It may be that just as in a family, where one person has to separate from the anxiety-driven behavior of the group, leaders in one company after another will have to step up to demonstrate that they are willing to reorganize their accounting methods and to demonstrate more clearly to investors the power of cash flow analysis.  Perhaps investors will be more interested in looking at the accounting methods and the principles of corporate officers and board members.  And perhaps mutual funds’ investment criteria will include rigorous cash flow analysis and analysis of the extent to which the companies they invest in are led by principle-driven boards and corporate leaders.

Will changing the incentives and behaviors of corporate leaders result in more viable organizations and a more adaptable society? Will expectations for investors be on solid footing with better analytic skills devoted to the measurements? Will this allow people to make long-term investments and thereby compete with short-term traders looking to make an even faster buck?

Humans have the ability to self regulate and to some extent control emotionally driven short-term thinking and action.  But not all individuals are able to control reactivity.  Rappaport’s book notes that controlling the rush to “short termism” will give capitalism a new life.  The bottom line is that investors have to be able to see the reasons for self-regulating as they consider the role of incentives in driving behavior.  Those systems driven by short-term incentives will have a different, and less positive outcome than organizations run with a more long-term focus.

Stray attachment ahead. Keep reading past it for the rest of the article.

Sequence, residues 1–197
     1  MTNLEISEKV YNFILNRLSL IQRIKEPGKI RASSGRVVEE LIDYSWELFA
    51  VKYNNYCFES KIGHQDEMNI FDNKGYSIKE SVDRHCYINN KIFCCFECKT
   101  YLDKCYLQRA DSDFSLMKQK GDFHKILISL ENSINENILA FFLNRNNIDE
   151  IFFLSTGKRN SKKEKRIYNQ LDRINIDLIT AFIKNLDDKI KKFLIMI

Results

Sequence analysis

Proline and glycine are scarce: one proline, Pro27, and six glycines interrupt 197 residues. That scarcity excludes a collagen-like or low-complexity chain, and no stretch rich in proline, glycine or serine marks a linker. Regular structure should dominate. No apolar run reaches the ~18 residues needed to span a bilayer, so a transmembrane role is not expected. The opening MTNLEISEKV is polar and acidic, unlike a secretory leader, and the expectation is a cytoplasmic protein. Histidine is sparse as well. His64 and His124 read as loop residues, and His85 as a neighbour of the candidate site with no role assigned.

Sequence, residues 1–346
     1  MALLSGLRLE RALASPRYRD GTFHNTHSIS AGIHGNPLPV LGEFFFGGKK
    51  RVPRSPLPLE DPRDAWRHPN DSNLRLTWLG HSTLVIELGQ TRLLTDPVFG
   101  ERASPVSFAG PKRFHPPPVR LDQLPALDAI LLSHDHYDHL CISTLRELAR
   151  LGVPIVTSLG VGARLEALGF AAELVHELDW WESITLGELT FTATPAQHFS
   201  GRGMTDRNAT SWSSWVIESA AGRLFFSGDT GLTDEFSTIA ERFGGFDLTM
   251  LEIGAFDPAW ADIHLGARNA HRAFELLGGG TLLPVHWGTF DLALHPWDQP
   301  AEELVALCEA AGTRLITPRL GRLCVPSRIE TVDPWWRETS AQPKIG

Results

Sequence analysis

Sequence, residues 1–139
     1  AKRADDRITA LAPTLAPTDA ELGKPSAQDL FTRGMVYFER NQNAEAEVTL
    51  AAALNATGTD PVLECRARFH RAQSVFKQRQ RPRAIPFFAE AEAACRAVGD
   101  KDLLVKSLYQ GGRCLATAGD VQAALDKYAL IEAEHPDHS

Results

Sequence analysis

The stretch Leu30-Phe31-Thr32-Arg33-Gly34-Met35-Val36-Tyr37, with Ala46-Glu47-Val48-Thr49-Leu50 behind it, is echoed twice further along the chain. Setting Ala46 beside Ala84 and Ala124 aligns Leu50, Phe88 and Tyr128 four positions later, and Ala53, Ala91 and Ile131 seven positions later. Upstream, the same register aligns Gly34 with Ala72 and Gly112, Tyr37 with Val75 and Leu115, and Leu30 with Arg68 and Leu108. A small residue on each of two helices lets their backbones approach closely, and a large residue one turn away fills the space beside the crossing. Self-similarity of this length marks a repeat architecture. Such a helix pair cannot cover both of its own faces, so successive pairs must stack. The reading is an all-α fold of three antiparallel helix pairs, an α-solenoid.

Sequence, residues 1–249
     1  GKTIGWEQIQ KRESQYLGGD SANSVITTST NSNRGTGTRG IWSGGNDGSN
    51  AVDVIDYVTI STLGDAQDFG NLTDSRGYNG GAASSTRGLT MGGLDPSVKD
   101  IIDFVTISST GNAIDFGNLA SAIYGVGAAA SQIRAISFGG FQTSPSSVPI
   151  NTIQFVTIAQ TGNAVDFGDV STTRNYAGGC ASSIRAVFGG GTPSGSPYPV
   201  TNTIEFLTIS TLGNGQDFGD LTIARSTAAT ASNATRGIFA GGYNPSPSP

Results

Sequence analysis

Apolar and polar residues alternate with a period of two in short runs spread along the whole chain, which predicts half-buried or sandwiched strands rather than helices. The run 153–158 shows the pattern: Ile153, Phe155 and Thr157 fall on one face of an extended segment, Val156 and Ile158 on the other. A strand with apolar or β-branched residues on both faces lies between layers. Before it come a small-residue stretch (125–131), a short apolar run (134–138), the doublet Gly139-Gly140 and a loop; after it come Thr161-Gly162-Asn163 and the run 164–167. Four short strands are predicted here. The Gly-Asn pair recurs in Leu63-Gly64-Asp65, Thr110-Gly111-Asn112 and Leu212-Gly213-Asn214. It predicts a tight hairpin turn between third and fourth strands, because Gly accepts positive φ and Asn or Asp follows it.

Rappaport follows the money, warning us of the long-term problems when responsibility is lost in a rush to collect the short-term (trading) incentives rather than follow the principles of sound investing.  It does take time to discover how incentives drive behavior and can corrupt both companies and people. But this is a necessary discipline for investors to undertake.

Investors who read this book will have a different take on the “tells” of mutual funds, companies, and managers plus ways to support capitalism itself.  People will want to read this book to know how to clarify their own thinking about human behavior and how they go about placing their bets on the various forms of investment vehicles while understanding the vulnerability of capitalism.

Andrea Schara

[1] “Medial Prefrontal Cortex and Striatum Mediate the Influence of Social Comparison on the Decision Process” Proceedings of the National Academy of Sciences, viewed September 7, 2011

Read more at Suite101: Research Explains Why People Give in to Peer Pressure | Suite101.com http://bob-yirka.suite101.com/research-explains-why-people-give-in-to-peer-pressure-a387826#ixzz1XNzHl3dq